The most effective horror films are those based on realism. Watching ordinary people terrorised by everyday things can be scarier than supernatural entities. Don’t Breathe revels in its authenticity. Directed with intensity by Fede Alvarez, the confined location draws you into the heat of the horrific battle. Like any good terror tale, it stays with you long after the credits have finished its reign of shocking dread.
Three thieves, Rocky (Jane Levy), Alex (Dylan Minnette) and Money (Daniel Zovatto) pick a target for their latest scheme. They choose the home of blind war veteran Norman (Stephen Lang) thinking he will be an easy mark. Grabbing their bagful of burglary gear, they look forward to the cash bounty they hear Norman has. Quickly they discover Norman isn’t any ordinary guy with dark secrets and skills pulling them into a cesspool of despair where only the blind man is king.
Don’t Breathe trades typical genre gore for genuine suspense. Although the thieving trio are the villains, you still end up hoping they survive their ordeal. Even the Norman character isn’t completely evil as you understand his motivations and from where he’s come. This makes for a more interesting thriller where not everything is cut and dried. The limited characters allow you to invest in their plight with the claustrophobic setting increasing the danger levels.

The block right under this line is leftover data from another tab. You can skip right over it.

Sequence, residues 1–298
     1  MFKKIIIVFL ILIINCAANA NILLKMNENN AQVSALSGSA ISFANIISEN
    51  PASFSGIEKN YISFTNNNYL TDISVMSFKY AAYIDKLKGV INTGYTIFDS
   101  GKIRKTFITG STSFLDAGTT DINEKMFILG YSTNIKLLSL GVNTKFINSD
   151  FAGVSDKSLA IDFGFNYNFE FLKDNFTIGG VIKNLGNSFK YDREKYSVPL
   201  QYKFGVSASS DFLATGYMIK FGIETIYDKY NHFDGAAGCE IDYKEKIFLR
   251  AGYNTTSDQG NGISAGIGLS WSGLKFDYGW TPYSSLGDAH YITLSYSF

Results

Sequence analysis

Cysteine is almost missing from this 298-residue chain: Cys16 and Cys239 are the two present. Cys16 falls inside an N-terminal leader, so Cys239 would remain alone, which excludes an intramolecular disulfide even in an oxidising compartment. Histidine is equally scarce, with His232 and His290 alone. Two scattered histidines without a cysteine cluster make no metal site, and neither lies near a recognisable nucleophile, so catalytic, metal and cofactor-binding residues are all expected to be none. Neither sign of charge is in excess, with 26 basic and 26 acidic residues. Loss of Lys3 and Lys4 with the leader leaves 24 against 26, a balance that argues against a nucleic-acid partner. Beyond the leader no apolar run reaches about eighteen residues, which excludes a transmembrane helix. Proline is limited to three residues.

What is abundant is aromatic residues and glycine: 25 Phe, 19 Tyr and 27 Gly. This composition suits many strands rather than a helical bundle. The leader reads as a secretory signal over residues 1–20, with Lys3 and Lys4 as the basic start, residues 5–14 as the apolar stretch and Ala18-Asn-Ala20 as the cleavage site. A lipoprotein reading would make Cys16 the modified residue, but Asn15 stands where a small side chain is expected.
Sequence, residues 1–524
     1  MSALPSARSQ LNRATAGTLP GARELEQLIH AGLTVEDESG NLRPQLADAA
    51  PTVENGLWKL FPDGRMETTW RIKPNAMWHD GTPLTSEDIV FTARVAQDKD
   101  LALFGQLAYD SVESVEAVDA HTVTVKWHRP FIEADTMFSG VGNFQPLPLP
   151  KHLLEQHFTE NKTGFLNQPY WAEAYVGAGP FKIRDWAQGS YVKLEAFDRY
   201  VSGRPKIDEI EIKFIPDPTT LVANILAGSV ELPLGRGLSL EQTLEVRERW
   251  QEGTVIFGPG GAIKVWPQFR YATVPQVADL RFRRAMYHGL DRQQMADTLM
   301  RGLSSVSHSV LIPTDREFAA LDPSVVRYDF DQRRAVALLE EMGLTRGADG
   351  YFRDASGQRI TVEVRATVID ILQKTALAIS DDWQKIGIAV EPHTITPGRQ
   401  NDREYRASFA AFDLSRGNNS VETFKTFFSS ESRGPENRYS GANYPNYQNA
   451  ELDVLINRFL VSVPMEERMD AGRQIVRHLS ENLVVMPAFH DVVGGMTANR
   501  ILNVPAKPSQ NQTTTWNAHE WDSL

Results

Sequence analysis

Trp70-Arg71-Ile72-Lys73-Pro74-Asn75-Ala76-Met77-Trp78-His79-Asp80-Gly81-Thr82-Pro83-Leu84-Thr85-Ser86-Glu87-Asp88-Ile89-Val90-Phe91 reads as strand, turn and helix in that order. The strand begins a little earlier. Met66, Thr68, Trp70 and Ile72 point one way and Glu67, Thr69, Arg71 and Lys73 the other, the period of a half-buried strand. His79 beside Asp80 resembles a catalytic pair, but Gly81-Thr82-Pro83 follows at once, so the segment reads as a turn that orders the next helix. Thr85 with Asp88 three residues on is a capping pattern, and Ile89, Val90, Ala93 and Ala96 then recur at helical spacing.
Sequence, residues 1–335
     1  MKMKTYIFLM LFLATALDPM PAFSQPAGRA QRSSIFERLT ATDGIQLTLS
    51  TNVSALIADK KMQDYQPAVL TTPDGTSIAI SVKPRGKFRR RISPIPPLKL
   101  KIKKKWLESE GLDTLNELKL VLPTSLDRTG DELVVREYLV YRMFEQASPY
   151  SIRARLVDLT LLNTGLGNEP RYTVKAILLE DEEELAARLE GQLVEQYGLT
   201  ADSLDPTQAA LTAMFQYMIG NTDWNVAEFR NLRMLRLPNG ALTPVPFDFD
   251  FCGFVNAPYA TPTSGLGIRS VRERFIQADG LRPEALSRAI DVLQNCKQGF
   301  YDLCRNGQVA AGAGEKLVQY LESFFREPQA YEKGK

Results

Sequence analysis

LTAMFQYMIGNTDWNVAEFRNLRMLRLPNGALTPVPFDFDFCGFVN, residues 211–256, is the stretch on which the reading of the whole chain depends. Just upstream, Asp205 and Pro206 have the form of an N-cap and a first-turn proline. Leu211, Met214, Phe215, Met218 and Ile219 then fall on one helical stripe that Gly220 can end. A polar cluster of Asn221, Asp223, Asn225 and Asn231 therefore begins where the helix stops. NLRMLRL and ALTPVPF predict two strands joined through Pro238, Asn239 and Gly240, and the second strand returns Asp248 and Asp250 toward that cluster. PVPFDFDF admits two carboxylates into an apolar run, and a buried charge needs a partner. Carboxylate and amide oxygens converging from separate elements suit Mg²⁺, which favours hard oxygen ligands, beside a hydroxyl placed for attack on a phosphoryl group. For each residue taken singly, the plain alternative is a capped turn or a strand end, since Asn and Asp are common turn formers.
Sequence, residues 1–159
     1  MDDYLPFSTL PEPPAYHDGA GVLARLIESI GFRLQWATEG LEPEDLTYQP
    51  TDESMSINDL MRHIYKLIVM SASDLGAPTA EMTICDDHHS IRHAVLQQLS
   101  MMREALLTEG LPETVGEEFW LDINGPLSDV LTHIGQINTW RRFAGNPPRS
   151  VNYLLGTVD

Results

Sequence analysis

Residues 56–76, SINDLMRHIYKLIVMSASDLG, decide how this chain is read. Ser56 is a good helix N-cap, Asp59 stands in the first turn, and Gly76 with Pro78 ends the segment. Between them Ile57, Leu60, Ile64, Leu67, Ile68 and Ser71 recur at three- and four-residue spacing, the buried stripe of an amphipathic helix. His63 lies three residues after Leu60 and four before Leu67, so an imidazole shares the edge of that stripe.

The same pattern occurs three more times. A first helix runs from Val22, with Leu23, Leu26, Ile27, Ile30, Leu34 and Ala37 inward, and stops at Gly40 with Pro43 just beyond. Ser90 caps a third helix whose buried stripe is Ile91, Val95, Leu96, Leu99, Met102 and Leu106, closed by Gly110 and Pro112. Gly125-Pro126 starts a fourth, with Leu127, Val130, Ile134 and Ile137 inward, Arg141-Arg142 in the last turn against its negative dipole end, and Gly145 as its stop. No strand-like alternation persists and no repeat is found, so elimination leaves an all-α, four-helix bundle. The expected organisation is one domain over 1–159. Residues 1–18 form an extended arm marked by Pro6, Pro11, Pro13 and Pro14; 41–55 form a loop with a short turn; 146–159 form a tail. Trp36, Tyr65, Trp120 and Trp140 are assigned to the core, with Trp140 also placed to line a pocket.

Alvarez handles the scares well, showing flair in offering something different. His cast is strong, making their roles seem real. Lang, in particular, oozes menace whilst having the ability to inject pathos into his multi-dimensional character. The photography is especially fine, effectively exploring Lang’s world of blindness where his other senses miss little. It’s refreshing seeing everyone use their wits to survive situations instead of using easy magic, further conveying the gritty realism Alvarez is after.
Don’t Breathe is an effective shocker made for a pittance but delivering big on genuine scares. Hopefully it doesn’t ruin its allure by making sequels as it stands alone well. With its lean direction and performances it should gain admirers in spite of its eternally shadowy shenanigans.
Reviewed by Patrick Moore
Rating out of 10: 7